Franklin Roosevelt, one of the most effective communicators to occupy the White House, was president for 4,422 days. People remember him for his fireside chats. Asked to guess, many would estimate that those chats happened weekly, however, there were only thirty. Four given in 1933, the year he took office, at the depth of the Great Depression dealt with the New Deal and plans for recovery. During the middle years of his presidency topics ranged from currency problems, problems related to drought, and the fall of Rome. The last 12 fireside chats occurred during the war years.
These radio broadcasts lasted around half an hour with the shortest lasting only 11 minutes and 25 seconds and the longest being nearly three quarters of an hour.
The intent of the fireside chat was to bring Americans up-to-date on events that, for the most part, had already transpired. One, for instance, recapped the accomplishments of the 73rd Congress. FDR presided during two of the worst events of America’s existence; the Great Depression and World War II, yet Americans heard from him relatively infrequently. It was the quality of his communication that made it so memorable and effective.
Donald Trump, by contrast, has communicated mainly through the use of the 140 character tweet.
The variety and extent of President Trump’s tweets can be found here.
In contrast to FDR’s 30 fireside chats, President Donald J. Trump has tweeted thousands of times over a variety of subjects. Many have been retorts to real or imagined attacks on him. It is impossible to summarize his tweets; there have been 2,621 since January 1, 2017.
Thirteen of Trump’s tweets have been about how great he is. As an example, “I have a very high I.Q,- and you all know it.”
A large number have dealt with problem solving. For example, “Nobody but Donald Trump will save Israel.”
The word “dumb” or “dummy” appeared in 224 tweets. The word, “terrible” appeared in 204 tweets.
Global warming is described as a “hoax”, “total con job”, “mythical”, “created by and for the Chinese” and a number of other adjectives.
Most, if not all, of Trump’s tweets make unfounded assertions. In 140 characters it is difficult to build an argument and provide facts.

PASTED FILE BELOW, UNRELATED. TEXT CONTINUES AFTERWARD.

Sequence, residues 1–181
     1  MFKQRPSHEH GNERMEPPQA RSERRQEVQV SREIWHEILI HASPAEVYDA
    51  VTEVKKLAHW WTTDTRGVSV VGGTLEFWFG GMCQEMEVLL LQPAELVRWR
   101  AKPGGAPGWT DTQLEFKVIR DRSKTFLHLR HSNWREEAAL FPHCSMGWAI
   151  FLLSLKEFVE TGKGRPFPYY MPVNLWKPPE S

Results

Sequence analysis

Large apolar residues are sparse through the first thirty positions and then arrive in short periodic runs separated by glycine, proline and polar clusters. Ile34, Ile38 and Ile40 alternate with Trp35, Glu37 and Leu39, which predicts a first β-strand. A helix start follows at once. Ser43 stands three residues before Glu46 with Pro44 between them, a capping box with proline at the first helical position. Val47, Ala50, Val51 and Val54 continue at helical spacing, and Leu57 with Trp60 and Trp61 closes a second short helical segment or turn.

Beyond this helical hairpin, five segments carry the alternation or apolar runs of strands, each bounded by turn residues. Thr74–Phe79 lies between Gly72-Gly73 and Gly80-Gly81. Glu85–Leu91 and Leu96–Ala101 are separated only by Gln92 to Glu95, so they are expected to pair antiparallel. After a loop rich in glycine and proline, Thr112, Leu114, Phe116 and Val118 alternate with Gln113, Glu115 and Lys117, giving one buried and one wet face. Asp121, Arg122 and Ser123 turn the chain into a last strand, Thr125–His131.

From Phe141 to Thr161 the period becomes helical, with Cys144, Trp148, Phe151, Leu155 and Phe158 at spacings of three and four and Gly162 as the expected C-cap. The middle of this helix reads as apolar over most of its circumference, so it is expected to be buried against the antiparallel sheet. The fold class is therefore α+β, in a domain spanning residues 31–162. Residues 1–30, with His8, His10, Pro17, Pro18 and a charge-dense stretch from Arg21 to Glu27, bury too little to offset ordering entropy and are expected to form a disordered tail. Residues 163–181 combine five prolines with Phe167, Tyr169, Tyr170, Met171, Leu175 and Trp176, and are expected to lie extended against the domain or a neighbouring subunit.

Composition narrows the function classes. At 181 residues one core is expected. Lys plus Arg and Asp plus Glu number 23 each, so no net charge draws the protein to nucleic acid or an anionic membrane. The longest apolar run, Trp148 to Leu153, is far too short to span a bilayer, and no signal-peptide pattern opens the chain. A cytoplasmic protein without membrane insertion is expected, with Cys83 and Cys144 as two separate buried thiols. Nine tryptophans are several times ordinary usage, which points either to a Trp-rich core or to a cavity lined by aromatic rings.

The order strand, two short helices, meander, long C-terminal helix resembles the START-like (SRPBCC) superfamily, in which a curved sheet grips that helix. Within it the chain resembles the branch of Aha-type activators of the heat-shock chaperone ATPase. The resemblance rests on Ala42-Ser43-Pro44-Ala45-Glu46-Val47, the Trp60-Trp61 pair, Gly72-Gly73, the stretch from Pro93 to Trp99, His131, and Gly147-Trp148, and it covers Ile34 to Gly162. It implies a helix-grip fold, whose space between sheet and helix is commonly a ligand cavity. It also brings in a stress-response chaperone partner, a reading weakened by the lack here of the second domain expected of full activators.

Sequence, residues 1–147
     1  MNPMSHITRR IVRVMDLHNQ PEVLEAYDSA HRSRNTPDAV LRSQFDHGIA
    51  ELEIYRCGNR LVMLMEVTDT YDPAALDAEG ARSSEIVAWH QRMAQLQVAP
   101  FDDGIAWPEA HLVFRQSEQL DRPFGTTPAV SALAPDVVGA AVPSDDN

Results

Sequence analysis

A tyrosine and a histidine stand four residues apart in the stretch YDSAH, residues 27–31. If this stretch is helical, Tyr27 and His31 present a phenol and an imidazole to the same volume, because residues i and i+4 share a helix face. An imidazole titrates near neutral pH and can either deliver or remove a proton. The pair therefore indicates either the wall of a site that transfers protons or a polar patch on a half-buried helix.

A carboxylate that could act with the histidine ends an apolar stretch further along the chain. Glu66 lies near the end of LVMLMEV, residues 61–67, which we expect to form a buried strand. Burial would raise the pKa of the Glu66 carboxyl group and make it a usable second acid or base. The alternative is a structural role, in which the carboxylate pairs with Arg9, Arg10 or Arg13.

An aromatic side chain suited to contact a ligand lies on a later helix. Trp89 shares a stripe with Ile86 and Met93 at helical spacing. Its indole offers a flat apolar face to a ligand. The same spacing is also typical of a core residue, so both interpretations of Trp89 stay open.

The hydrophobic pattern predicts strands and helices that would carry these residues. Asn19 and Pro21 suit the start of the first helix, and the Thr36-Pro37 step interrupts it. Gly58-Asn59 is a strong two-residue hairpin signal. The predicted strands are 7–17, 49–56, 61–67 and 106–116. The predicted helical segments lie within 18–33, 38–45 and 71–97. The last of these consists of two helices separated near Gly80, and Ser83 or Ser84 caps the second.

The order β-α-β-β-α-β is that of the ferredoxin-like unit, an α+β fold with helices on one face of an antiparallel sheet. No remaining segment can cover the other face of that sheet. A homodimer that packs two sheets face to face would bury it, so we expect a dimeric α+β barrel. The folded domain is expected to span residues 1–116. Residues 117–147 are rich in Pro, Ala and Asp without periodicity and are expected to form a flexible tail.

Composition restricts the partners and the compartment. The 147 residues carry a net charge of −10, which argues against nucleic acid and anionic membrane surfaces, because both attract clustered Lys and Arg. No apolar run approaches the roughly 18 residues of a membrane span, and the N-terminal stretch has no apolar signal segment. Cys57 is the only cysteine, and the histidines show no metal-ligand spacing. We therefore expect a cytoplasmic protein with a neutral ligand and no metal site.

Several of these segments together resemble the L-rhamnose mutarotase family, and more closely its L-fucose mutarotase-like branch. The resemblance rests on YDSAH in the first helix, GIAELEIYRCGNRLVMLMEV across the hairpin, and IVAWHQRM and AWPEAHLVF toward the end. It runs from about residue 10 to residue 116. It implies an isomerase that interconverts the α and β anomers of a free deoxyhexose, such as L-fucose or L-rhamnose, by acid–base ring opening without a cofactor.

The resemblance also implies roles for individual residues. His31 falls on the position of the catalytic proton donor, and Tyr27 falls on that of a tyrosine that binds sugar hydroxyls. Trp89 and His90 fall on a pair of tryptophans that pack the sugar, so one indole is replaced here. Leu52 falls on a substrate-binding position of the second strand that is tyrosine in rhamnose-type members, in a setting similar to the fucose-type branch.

Facts do not seem to be important to President Trump; in fact he usually characterizes arguments with supporting facts as “fake news”.
Sixty-four tweets have dealt with President Barack Obama. This tweet is typical: “"Obama our Welfare & Food Stamp President...He doesn't believe in work." The tweets seemed determined to destroy Obama’s legacy with comments like, “"How the hell did he get into Columbia & Harvard?", and, “"Everything he touches turns to garbage".
Trump has a particular disdain for the media, and 298 tweets have been concerned with insulting news media with tweets like, “Time Magazine ‘lost all credibility when they didn't include me in their Top 100’ (10/26/2012)”
Trump has a lifelong history of dismissing women through sexist comments. When Meryl Streep, winner of multiple awards for her acting skills said, his: "...instinct to humiliate, when it's modeled by someone in a public platform, it filters down into everyone's life because it gives permission for others to do the same.”
Trump responded by calling Streep “overrated”. His attacks on other women have been much more crude and sexist.
A major difference between FDR and DJT lies in the intended audience of each man. Roosevelt sought to inform all Americans. Trump seems to only be interested in maintaining his conservative base, the 30% or so who are white and poorly educated. Roosevelt served over three terms in office, dying in his fourth term. It will be interesting to see whether Trump serves out even one term. His gamble that his base and independents will be enough to get him re-elected seems risky, but nothing that has seemed risky has seemed to touch Trump, so far.